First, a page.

History by category: Mater Children’s Hospital

Farewell Mater Children's Hospital

On 29 November 2014, after providing exceptional care to Queensland children for more than 83 years, Mater Children’s Hospital closed, and government-funded paediatric services transitioned to Lady Cilento Children’s Hospital.

Mater will continue to offer paediatric services for privately-insured patients through Mater Children’s Private Brisbane and will enhance services for young people through Queensland’s first dedicated adolescent and young adult health service. Mater Mothers’ Hospitals will continue to grow and deliver the highest standards of maternity and neonatal care.

Tags: Mater Children’s Hospital, Mater Children's Private Brisbane, Mater Mothers' Hospital

Past and future reflected in new building names

Following the closure of Mater Children’s Hospital, and to reflect on our rich heritage and links with our founders, the Sisters of Mercy, two buildings on ‘Mater Hill’ were renamed on 29 November 2014.

The Mater Children’s Hospital building and Mater Corporate Services Building were renamed to commemorate the significance and vision of Mother Alban Salmon and Mother Damian Duncombe OBE.

The Mater Children’s Hospital building was renamed as the Salmon Building (in memory of Mother Alban Salmon, 1880 to 1951) and the Mater Corporate Services Building became the Duncombe Building (in memory of Mother Damian Duncombe OBE, 1899 to 1980).

Tags: Mater Children’s Hospital, Sisters of Mercy

Meeting the healthcare needs of children

By the mid-1920s, the Sisters of Mercy were providing healthcare services to adults via Mater Private Hospital and Mater Public Hospital.

However, Mother Patrick Potter was determined to build a children’s hospital to meet the healthcare needs of Brisbane’s growing population. A contract to build the hospital for 50 000 pounds was signed with F.J Corbett and Sons.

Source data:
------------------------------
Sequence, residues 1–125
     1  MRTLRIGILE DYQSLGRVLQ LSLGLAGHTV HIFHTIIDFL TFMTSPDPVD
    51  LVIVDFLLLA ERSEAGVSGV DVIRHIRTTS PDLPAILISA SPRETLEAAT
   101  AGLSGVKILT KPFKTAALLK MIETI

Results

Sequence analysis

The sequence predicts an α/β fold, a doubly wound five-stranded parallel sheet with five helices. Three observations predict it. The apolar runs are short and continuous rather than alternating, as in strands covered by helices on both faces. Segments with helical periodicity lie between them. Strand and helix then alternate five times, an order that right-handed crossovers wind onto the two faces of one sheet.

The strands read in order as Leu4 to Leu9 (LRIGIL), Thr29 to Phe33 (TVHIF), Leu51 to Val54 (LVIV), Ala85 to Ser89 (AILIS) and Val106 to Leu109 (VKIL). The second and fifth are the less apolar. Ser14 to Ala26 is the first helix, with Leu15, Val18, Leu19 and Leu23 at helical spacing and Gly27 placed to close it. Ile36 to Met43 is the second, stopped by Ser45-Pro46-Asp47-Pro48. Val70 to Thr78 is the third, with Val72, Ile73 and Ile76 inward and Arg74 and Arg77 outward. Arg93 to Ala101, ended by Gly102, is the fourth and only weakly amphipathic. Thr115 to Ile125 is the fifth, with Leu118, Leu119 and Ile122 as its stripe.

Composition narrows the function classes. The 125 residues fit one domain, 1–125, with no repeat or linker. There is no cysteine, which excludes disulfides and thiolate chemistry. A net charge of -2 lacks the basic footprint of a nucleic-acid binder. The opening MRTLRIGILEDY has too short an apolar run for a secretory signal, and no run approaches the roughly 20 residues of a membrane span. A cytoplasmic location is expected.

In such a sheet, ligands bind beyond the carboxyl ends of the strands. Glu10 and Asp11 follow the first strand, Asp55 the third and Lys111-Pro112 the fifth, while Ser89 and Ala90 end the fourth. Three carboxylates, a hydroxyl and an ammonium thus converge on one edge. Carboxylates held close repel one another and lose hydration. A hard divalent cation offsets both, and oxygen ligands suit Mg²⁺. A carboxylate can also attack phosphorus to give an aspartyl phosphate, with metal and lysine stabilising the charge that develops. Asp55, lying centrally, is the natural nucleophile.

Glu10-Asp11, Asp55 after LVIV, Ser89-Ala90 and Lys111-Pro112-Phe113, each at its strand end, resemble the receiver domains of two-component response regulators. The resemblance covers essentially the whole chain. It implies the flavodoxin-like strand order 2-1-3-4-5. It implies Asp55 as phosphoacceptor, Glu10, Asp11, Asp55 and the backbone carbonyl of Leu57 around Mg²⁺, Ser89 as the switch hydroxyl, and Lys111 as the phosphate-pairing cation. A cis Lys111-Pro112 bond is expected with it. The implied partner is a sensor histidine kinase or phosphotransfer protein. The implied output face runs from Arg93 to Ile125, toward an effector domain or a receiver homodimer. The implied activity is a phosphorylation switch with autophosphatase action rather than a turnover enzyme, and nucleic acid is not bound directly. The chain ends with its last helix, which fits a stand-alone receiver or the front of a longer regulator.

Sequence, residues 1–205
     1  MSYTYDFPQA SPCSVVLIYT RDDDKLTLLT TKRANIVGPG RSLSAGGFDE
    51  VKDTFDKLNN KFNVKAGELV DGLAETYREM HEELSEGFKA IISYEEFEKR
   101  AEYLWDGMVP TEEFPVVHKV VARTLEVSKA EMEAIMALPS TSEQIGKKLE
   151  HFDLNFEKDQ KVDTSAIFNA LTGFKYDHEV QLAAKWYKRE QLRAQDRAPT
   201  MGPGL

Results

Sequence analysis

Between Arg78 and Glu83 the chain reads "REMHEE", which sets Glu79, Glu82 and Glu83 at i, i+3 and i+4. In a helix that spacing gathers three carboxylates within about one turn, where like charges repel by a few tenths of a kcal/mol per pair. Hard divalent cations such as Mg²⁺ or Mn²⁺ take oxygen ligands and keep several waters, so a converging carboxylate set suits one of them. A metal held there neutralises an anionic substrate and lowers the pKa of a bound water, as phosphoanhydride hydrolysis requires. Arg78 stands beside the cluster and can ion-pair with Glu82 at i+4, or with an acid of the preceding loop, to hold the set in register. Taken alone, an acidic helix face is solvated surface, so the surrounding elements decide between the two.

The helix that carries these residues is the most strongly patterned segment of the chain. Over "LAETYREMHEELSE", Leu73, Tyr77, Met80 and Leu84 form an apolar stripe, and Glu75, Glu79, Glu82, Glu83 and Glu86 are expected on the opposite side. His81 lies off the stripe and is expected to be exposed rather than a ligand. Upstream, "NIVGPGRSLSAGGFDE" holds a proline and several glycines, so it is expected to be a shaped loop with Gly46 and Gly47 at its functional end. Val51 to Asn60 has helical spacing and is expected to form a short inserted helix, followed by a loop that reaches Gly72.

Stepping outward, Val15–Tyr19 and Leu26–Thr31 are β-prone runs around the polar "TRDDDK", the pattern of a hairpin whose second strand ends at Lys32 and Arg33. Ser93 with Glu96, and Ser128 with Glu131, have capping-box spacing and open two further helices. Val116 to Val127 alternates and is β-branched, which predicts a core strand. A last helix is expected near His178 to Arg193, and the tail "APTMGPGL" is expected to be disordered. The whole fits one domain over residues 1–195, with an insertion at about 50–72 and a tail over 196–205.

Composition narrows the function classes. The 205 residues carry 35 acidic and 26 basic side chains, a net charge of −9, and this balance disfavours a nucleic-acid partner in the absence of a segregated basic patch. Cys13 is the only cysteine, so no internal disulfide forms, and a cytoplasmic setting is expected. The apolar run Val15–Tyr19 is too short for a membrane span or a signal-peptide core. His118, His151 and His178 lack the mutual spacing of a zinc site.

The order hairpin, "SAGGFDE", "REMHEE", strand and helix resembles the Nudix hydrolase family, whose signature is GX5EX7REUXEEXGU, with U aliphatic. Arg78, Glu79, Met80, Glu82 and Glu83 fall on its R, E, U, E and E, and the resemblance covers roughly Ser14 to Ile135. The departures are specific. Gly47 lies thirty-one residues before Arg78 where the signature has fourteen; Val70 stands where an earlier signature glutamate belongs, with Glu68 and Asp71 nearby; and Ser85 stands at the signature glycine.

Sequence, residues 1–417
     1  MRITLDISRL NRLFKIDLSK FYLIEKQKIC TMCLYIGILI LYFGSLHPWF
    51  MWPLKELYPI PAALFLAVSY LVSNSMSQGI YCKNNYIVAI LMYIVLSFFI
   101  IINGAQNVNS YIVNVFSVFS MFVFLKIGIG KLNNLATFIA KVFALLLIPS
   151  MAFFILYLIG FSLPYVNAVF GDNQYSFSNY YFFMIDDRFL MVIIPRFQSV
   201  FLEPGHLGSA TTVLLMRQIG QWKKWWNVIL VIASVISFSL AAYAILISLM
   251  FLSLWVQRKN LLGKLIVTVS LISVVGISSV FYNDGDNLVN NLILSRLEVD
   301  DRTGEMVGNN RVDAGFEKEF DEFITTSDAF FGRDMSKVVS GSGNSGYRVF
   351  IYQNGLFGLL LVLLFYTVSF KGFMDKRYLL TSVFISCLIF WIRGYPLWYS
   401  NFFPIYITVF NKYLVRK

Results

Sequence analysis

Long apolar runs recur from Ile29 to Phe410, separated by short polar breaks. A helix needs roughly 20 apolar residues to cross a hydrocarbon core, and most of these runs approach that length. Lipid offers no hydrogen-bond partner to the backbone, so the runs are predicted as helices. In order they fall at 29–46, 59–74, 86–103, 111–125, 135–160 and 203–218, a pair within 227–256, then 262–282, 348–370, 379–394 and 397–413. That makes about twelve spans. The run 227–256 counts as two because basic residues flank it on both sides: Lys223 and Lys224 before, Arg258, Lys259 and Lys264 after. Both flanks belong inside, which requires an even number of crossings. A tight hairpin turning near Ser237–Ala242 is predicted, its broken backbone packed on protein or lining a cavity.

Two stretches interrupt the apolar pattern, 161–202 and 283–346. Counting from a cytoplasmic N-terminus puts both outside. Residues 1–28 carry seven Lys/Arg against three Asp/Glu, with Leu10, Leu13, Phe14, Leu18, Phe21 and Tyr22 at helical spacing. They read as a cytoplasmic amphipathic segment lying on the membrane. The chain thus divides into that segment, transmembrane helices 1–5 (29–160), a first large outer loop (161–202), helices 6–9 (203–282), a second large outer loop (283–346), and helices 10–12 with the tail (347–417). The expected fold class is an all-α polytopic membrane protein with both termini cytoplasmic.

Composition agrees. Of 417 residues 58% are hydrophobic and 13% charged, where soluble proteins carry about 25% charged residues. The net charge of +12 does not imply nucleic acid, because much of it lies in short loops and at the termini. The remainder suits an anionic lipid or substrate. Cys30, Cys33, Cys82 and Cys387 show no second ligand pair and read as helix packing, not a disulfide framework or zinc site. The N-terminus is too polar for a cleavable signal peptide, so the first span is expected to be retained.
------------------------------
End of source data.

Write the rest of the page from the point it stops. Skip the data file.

Hall and Prentice —the architectural firm who designed the original Mater Private Hospital—were again called upon for the children’s hospital, with a proviso by the Sisters that every effort be made to source building materials and equipment locally.

The dream of Mother Patrick Potter, after whom the hospital was eventually named, was to build an 80-bed modern public hospital, complete with medical and surgical beds, a nursery for ill babies and an operating theatre.

On 24 May 1926, Mother Patrick Potter watched the foundation stone being laid, before construction commenced the following year. Because of financial constraints, construction of the building was limited to one-half of what had been intended, with provision being allowed for completion at a future date. Sadly, Mother Patrick Potter passed away in November 1927, and would not see Mater Children’s Hospital open.

On 10 May 1931, almost five years to the day after the foundation stone was laid, Mater Children’s Hospital officially opened, dedicated as a memorial to Mother Patrick Potter. On 6 July 1931, Mater Children's Hospital opened its doors to patients. Every bed was immediately occupied, and more than 8200 patients were treated in its first year of operation.

Tags: Mater Children’s Hospital, Mother Patrick Potter

Mater Children’s Hospital fire

On 12 May 1971 a fire erupted in the ceiling and roof structure of the university section at the rear of Mater Children’s Hospital. Each one of the 119 young patients was evacuated in a calm, purposeful manner and newspapers provided extensive coverage of nurses carrying children out of the hospital. The media coverage inspired the community, with many donations and offers of help received. Queensland Newspapers, particularly its chairman, Reg Leonard, took a close look at the needs of Brisbane’s two children’s hospitals. His first step was to make the hospitals beneficiaries of the Good Friday Appeal conducted by 4BK, which was owned by the newspaper group. This impetus created the perfect climate to present a major submission to the government on the urgent needs of both the Adult and Children’s Hospitals. Furthermore, the Sisters began making long-term plans for Mater’s future. In late 1971, construction on a three floor extension commenced at the Mater Children’s site.

Five years later, on 9 March 1976 a new wing at Mater Children's Hospital opened, thus finally completing the original 1931 design plans.

Tags: Mater Children’s Hospital